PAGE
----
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Jürgen Moltmann is an influential theologian of the 20th century. I was a german prisonner during World War 2, he claimed his remorse was so great, he often felt he would have rather died along with many of his comrades than live to face what their nation had done. He met a group of Christians in the camp and gradually felt more and more identification with and reliance on the Christian faith. Moltmann later claimed, "I didn't find Christ, he found me."
Jürgen Moltmann (born 8 April 1926) is a German Reformed theologian who is Professor Emeritus of Systematic Theology at the University of Tübingen and is known for his books such as the Theology of Hope, The Crucified God, God in Creation and other contributions to systematic theology. Jürgen Moltmann is the husband of Elisabeth Moltmann-Wendel, a notable feminist theologian. Jürgen Moltmann described his own theology as an extension of Karl Barth's theological works, especially the Church Dogmatics, and he has described his own work as Post-Barthian.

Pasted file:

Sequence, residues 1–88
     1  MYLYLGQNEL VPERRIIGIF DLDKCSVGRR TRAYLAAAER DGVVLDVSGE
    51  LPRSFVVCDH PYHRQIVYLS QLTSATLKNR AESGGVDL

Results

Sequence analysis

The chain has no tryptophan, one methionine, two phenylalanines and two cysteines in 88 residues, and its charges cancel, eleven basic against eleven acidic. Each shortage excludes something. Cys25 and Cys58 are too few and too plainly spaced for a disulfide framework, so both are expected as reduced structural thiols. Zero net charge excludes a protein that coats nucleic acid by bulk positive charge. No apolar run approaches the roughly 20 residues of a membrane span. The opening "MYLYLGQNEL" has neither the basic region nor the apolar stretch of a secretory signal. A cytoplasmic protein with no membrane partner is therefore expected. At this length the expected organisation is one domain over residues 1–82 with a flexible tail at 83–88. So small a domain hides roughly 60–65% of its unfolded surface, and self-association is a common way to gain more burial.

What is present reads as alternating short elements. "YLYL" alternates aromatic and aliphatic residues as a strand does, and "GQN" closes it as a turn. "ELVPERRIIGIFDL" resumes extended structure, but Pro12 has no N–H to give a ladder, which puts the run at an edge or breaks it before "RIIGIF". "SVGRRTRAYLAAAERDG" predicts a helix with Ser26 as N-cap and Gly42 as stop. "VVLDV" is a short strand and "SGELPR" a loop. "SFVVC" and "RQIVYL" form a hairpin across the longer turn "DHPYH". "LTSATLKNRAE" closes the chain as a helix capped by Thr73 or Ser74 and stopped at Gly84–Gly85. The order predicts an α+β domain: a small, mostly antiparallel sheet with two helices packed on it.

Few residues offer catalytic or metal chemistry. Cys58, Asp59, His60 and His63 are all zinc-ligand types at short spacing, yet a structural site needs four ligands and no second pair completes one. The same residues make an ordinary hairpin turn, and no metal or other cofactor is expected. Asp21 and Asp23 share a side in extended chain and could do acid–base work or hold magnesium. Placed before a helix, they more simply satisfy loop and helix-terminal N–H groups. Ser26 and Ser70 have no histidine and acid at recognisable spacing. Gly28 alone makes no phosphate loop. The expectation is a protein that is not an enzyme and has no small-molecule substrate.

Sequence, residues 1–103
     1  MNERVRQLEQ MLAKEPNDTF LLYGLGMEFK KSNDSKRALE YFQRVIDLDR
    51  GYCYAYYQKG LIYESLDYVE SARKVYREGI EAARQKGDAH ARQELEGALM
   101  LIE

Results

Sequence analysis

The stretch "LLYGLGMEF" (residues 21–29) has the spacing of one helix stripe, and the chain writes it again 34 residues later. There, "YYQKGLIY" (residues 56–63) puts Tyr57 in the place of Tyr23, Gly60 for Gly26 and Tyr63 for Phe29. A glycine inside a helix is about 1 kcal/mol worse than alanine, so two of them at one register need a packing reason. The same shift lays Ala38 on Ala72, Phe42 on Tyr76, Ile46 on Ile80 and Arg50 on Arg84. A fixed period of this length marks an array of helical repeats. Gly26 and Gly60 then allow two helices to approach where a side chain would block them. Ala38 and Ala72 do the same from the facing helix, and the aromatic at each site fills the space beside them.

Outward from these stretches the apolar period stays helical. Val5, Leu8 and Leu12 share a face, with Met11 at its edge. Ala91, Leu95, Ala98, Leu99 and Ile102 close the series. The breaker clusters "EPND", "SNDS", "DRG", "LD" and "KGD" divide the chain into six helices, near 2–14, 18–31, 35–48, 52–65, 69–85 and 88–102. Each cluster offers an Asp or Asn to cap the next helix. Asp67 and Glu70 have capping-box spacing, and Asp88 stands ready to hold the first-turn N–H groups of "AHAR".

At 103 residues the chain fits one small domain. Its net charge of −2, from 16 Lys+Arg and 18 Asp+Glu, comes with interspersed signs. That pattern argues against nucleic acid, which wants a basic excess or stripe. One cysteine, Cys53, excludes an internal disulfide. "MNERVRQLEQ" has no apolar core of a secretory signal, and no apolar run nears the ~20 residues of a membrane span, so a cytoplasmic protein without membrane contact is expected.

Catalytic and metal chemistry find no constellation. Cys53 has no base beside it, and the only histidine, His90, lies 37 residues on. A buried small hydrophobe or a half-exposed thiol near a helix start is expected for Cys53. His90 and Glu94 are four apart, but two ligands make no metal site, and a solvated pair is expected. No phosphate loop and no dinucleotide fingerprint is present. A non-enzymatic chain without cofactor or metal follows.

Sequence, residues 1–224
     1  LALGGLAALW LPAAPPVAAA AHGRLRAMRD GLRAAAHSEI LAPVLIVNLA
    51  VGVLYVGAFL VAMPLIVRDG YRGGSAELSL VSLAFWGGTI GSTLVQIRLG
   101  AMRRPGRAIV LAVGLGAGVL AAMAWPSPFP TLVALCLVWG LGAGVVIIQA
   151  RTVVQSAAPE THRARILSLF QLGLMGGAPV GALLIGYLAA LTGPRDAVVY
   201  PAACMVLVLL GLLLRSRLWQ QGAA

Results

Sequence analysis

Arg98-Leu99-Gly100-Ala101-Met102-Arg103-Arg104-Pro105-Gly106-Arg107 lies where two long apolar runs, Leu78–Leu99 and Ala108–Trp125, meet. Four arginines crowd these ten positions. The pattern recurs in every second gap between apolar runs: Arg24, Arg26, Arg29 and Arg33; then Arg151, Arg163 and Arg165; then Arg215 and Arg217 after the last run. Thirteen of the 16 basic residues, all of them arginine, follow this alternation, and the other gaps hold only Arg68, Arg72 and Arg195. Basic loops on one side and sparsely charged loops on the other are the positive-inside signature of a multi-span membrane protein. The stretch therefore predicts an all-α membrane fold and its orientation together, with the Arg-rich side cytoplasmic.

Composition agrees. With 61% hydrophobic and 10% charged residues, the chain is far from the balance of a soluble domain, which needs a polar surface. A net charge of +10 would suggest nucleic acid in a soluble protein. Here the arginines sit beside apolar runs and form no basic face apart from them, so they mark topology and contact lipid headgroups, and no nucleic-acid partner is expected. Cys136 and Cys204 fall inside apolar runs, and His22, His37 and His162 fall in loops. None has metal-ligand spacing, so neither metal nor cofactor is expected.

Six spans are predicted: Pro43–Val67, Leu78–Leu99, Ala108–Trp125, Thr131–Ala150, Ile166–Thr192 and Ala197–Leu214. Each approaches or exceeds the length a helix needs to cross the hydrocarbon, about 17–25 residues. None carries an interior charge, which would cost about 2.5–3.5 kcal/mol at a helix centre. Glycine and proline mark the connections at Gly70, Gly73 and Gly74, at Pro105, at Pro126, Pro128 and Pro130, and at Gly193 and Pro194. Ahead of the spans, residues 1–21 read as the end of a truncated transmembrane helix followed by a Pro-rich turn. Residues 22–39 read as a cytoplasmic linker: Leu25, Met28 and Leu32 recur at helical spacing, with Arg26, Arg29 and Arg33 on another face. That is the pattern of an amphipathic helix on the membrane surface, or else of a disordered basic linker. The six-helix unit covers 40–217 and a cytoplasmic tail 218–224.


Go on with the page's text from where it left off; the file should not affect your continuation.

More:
Moltmann developed a form of liberation theology predicated on the view that God suffers with humanity, while also promising humanity a better future through the hope of the Resurrection, which he has labelled a 'theology of hope'. Much of Moltmann's work has been to develop the implications of these ideas for various areas of theology. Moltmann has become known for developing a form of social trinitarianism. His two most famous works are Theology of Hope and The Crucified God. Moltmann also served as a mentor to Miroslav Volf.